Transport for London’s finances gained a vote of confidence today after one of the debt ratings agencies upgraded the quality of TfL debt.

Photo by inspira studio on Unsplash

When TfL borrows money by issuing debt, it is given a quality score by the ratings agencies, and that affects how much TfL has to pay in interest payments. The better the quality score, the lower the cost of servicing the debt.

The ratings agencies periodically report on company debts, and Moody’s Investors Service (Moody’s) has now upgraded TfL’s long term debt ratings from Baa1 to A3 — that is to say, from moderately risky to low credit risk, and the outlook for TfL’s debt has been changed to positive.

Moody’s says that the upgrade is thanks to TfL’s improving operating performance and that TfL is unlikely to need additional financial support to achieve operating surpluses from fiscal 2024 (year ending 31 March 2024). Moody’s also notes that TfL’s income is now higher than before the pandemic, although so are its costs, and Moody’s expects future annual fare rises will continue to support TfL’s finances.

Latest Financial Report

TfL’s latest finance report, from 1st April to 14th October 2023, shows that passenger journeys are now relatively steady at 90% of pre-pandemic levels, up from 85% at the end of 2022/23.

TfL says that London Underground and Rail journeys continue to perform strongly in the year to date, offsetting slower growth on buses. On buses, they are also seeing a slightly improved ticket yield, with passenger income higher than expected.

The ratings agency itself noted that TfL’s improving financials and likely reduced requirement for often last-minute funding deals with the government reduces TfL’s debt risk, which also supoorts the rating upgrade. That can be read as a subtle reminder that long terms deals are always cheaper than the short term ad-hoc agreements imposed by the government on TfL during the pandemic.

Long term investment

However, the current funding settlement will expire at the end of March 2024, and the long-term plans lack clarity. Capital investments, such as new trains for the Bakerloo line or line extensions, are generally supported by government grants and loans, but if that’s not offered, then Moody’s warns that TfL may need to make more cuts to services or raise its borrowing levels.

This was highlighted by TfL’s latest finance report that says when an expected £181 million from the government to cover the impact of high inflation wasn’t provided, TfL had to let £90 million worth of maintenance and enhancements slip to a later date.

One of the curiosities of TfL’s investment is that while London passengers benefit from the improvements, the money itself is largely spent outside London with suppliers who build the buses, trains, and associated equipment, which means the regions benefit from the jobs being created when TfL buys things for its network.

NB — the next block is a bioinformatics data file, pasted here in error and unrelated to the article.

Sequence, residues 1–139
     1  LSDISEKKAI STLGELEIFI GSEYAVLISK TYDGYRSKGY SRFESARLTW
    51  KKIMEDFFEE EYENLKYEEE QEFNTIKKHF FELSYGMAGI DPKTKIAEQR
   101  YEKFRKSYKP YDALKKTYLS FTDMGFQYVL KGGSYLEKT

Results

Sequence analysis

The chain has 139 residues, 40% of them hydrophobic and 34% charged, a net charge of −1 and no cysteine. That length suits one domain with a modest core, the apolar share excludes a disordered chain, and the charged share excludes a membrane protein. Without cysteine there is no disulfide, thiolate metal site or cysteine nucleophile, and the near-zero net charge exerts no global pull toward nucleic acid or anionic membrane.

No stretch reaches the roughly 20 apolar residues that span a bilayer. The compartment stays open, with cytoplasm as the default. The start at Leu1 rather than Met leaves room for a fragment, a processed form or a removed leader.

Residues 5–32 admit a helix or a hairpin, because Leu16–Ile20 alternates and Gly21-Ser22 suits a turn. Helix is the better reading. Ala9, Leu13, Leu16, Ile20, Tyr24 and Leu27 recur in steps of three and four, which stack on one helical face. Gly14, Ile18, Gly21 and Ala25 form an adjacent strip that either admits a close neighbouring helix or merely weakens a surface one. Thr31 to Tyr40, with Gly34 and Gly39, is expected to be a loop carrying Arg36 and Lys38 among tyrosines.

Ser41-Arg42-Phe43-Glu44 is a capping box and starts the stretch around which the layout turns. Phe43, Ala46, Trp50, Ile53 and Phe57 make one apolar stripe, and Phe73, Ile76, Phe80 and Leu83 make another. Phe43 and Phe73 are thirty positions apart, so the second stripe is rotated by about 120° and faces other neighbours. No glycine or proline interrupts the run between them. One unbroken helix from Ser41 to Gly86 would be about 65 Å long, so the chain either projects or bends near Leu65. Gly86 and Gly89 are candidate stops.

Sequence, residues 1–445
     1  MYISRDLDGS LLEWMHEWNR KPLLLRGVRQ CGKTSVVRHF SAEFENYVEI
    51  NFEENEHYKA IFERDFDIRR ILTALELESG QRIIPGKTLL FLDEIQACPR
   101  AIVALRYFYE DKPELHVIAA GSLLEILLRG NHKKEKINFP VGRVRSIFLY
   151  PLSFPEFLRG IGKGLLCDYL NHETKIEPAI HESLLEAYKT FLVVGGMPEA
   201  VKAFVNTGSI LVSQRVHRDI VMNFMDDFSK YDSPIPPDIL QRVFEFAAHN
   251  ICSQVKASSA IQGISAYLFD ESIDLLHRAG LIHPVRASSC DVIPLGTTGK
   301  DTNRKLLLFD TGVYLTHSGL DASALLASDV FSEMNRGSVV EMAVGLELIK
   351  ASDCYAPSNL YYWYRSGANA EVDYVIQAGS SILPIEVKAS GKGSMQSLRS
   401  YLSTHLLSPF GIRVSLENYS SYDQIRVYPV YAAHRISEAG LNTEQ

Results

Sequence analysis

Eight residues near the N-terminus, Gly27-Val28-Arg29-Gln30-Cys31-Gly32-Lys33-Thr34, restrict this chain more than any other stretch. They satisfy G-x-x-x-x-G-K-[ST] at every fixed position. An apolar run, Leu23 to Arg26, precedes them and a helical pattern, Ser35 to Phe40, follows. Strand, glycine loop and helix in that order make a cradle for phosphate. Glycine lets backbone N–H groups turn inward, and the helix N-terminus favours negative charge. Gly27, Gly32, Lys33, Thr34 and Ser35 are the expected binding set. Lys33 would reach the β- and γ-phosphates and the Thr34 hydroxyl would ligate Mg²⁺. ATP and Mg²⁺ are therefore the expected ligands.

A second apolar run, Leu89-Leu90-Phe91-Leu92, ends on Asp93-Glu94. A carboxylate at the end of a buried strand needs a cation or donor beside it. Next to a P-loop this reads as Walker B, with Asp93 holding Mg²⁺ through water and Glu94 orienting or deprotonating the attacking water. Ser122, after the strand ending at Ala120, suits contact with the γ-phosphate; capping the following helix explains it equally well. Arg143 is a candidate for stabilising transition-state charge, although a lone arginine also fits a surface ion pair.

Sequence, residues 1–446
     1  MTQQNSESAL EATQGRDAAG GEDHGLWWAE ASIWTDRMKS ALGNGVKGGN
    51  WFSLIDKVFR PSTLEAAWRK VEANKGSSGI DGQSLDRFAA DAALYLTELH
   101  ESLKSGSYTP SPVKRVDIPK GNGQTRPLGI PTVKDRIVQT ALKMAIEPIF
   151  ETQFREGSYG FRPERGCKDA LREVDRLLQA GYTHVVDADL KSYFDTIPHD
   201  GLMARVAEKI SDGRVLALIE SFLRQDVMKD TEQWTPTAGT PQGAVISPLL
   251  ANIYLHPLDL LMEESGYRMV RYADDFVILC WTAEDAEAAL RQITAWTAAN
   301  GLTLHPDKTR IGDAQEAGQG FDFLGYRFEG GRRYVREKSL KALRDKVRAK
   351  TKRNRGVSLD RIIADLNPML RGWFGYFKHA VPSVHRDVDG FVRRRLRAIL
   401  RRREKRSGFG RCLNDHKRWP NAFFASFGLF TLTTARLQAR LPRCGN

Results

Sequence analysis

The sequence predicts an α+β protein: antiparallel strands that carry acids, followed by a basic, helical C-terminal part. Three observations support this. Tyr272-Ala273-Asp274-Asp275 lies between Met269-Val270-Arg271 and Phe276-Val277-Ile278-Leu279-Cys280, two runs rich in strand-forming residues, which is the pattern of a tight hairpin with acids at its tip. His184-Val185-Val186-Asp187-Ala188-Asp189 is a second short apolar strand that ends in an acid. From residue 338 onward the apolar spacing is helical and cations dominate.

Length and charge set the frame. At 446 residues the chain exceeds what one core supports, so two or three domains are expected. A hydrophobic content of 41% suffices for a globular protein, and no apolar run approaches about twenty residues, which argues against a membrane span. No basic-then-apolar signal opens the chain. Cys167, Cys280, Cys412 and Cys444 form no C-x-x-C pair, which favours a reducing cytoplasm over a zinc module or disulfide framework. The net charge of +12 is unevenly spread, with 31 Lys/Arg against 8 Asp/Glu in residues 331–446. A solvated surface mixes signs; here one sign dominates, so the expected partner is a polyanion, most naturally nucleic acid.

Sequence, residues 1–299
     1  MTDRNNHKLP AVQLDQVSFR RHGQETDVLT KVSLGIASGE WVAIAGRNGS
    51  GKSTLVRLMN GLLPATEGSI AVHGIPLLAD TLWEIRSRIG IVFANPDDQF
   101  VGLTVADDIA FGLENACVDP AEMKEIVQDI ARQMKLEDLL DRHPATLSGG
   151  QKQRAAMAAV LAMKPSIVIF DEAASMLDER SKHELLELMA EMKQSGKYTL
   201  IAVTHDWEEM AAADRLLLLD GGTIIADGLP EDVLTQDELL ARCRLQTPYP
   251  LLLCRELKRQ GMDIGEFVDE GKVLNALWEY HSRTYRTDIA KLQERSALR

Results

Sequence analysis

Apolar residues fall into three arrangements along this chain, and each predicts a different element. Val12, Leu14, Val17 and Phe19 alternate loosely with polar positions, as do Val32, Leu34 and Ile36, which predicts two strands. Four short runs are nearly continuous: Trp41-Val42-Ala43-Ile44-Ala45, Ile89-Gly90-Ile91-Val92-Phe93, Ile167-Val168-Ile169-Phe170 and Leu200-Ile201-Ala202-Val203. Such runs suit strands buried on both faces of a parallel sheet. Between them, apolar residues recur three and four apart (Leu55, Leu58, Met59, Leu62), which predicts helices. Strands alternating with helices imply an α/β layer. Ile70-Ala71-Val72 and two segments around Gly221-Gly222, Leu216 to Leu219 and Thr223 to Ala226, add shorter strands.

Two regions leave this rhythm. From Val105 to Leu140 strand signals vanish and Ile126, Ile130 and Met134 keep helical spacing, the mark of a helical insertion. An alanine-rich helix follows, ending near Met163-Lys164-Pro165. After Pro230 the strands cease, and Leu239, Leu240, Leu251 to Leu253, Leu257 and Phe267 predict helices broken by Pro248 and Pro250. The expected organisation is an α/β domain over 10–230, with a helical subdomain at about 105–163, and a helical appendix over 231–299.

TfL submitted its 2024/25 Capital Business Case to the Department for Transport (DfT) in September, and a decision is expected in autumn.

Moody says that a multi-year funding agreement to finance TfL’s capital programme with minimal conditions could see the ratings upgraded, which would help reduce the cost of servicing the debt. However, they warn that the lack of a long-term capital investment agreement, if it led to service cuts due to lower maintenance spending, could affect fares income, putting additional pressure on TfL’s debt.

Debt levels

Average annual capital expenditures, which stood at £3.3 billion during 2017 to 2020, were lowered to £2.1 billion in the last three years. This decrease allowed TfL to reduce its debt to £15.2 billion by the end of fiscal 2023, down from £15.6 billion at the end of fiscal 2021.

By the middle of October 2023, TfL’s debt had fallen to £15.03 billion.

Rachel McLean, Chief Finance Officer at Transport for London said: “We are pleased that Moody’s has upgraded our long-term debt ratings and has changed our rated outlook from stable to positive. This achievement is testament to the hard work taking place across our organisation to ensure we are operationally financially sustainable and can provide a safe and reliable public transport network that serves the city night and day.

“While we remain on track to achieve operational financial sustainability this year, our current funding agreement with Government is due to end in March next year. We continue to discuss with Government our capital investment needs for the future, both for 2024/25 and the longer term, which Government has always acknowledged will be an ongoing requirement for TfL as for other transport providers. Certainty over this capital investment support is absolutely vital to continue to grow ridership, maintain services and assets and support jobs and economic growth around the country through our supply chain.”


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  1. Chris Rogers says:

    Watching the flashy digital signs alongside escalators at my central London stop, I note that about 50% of the time the ‘ads’ are for TfL itself. Presumably that means the actual revenue is half what it ought to be. Odd.

  2. Jonathan in London says:

    I bet Moodys were sheepish about upgrading the rating from Baa1

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